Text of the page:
We left the Hotel with a 96% charge at 9:30am, avoiding the rush hour in Orlando. I did not know until that morning if I would get a charge or not so did not plan the route back. We used the in car navigation to suggest charging locations. I set home as a destination and drove. Our first stop was at Alachua FL. The charging station looked brand new. I checked later on supercharge.info and saw it was opened just a few months previously on June 8th.
Next stop was Cordele GA, a relatively new station opened a year ago, charging was flawless. Next stop suggested was Marietta GA, we set off however as we were driving the car disengaged navigate on autopilot and rerouted to a less busy supercharger. The suggestion was the Acworth GA, arriving with less than 10% charge. I also noticed the estimated charge kept dropping. Rather than slow down to be sure to make the new Supercharger I queried Superchargers on the route and found that McDonough GA was closer. I’d arrive with 30%, not ideal but I preferred that since I could get well north of Atlanta before needing to stop and select a Hotel. In addition a charge boost would allow for the vehicle to reroute around the city center if traffic issues occurred, it was rush hour in Atlanta. Another reason not to chance it.
McDonough supercharger is just over a year old. Several of the outlets in the mall had not opened yet. There were limited options for food, I was able to find a bathroom in JC Penney. As we were travelling through downtown Atlanta traffic was OK and we made great time. I now faced the choice of finding a Hotel or simply driving on. I felt great so decided I would at least go as far as I could.
The plan was to stop at Kimball TN as our last charge. However as we were traveling up I-75 we noticed signs for Buc’ees ahead. Brisket sandwich vs Taco Bell was no contest. I did not navigate to the Supercharger as I prefered a slower charge to eat dinner. Buc’ees supercharger is in Adairville GA, well north of Atlanta. Another brand new location that had opened just three weeks prior. The Adiarville charger at Buc’ees was empty when we arrived, we got brisket sandwiches for dinner and ate while we charged. Two Teslas arrived as we ate dinner. I realized we could make it all the way home if we charged to 67% and would arrive at 9:40pm. I decided to just go for it and we did indeed get home by 9:40pm. A 13 hour drive. Autopilot makes driving less tiresome and at no time did I feel drowsy or in need of a nap.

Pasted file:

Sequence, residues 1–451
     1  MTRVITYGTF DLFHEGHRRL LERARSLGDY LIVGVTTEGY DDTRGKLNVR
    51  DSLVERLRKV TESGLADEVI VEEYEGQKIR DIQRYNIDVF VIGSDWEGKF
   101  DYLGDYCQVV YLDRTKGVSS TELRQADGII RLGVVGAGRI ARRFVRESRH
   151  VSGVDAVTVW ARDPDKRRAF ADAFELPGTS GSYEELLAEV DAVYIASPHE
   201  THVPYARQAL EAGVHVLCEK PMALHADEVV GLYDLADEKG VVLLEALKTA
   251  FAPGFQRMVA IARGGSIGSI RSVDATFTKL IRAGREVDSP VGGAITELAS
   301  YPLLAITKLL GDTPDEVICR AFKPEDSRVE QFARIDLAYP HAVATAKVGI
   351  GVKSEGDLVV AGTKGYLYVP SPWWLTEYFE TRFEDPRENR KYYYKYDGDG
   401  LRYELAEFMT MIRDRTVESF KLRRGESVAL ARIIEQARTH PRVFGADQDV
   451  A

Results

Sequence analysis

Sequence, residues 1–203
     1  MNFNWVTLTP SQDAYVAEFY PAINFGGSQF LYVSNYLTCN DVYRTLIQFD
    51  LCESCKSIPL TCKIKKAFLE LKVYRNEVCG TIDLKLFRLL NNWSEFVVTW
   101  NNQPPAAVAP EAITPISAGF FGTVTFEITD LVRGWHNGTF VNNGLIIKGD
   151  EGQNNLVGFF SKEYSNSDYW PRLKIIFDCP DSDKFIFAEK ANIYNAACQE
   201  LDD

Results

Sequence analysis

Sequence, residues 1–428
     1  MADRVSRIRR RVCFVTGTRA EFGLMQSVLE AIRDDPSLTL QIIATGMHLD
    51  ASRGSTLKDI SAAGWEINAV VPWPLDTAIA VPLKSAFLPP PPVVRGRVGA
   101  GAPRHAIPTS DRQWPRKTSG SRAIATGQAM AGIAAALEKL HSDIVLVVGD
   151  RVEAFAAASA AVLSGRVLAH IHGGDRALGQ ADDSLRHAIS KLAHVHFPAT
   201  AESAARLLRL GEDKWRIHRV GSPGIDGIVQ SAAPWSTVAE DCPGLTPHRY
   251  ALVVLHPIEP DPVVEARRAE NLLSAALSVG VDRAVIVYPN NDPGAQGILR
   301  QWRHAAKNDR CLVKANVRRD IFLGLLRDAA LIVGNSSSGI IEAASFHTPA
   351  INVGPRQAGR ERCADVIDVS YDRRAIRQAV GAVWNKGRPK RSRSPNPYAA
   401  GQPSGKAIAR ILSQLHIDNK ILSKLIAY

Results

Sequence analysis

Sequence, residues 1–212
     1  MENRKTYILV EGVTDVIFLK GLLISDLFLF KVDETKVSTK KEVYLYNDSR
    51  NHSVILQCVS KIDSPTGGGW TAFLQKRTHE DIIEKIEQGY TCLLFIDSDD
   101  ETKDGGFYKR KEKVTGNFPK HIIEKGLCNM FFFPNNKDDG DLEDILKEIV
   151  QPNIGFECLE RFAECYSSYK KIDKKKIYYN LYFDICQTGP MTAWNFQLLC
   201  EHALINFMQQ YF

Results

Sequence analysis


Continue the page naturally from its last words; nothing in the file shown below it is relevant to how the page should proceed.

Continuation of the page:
Plan vs Actual.
On reflection the trip back from Florida was much faster than the trip down to Florida. This was in part due to incredible luck in not having traffic holdups returning home like we did on the way down. In addition we used 250 kW charging stations exclusively on the way home, most of which were new, empty or lightly used. Does that mean one should not plan? No, plans can change but planning is important so you know your options should you change your mind on the fly.
A better route planner estimated the charging cost would be $54 for the outward leg to Florida. The actual cost for the round trip was $107.82. ABRP got the cost right almost to the penny, just 12 cents difference at $108 for the round trip!! The estimates per charging station were not the accurate, but overall it nailed it.
The travel time was very conservative with ABRP, since I had it set to use 65 mph as an average. I averaged more than that, saving over an hour compared to the plan for the return leg. Not having any holdups at all on the way home helped boost the average speed significantly. I would still plan with an average of 65 mph to account for traffic holdups.
Trip Stats and the value of Hotel charging.
The journey was a round trip of 1583 miles with 450 kWh of energy used. I averaged 284 Wh/mile.
Supercharging was totally flawless, every plug I tried worked and charged as fast as expected. Stopping every 2 1/2 hours is very reasonable for a long road trip, giving you the ability to stretch your legs and visit the facilities while charging. I got 4,500 steps according to my fitbit, so I did get a reasonable amount of exercise finding restrooms etc. I think this helped me stay alert the whole way.
I have always charged an EV at a Hotel and sought Hotels with charging stations when staying away. Running the numbers for this trip showed the value of doing so. Leaving the Hotel with a full charge means the first leg of the journey takes you to lunchtime before you need to stop to charge, up to three hours. It’s a great time saver over using supercharging the night before. In addition it saves quite a lot of money. More than I realized.
Hotel charging represented 25% of the total energy used on this trip and saved $50 (at Florida supercharger rates). Hotels provided 116 kW of free fuel. Thanks Radisson.
I noticed on my trip that nearly all the J1772 public charging stations were free and did not require membership to a network. All the stations were clipper creek brand and all seemed to be in good working order. I used several with no problems, no RFID cards required, plug and charge, the way it should be.
The state of charging infrastructure has improved dramatically in the last twelve months. 75% of the superchargers visited were opened in 2021 or later. The same journey just a year ago would have been slower and require meticulous planning and execution. Tesla have done a great job ‘filling the gaps’ on the charging map. The trip was anxiety free and very enjoyable. Road tripping a Tesla is the way to go.
Now I know I can make a long trip with no issues, next up is a really long trip out west. Hopefully in the summer of 2023.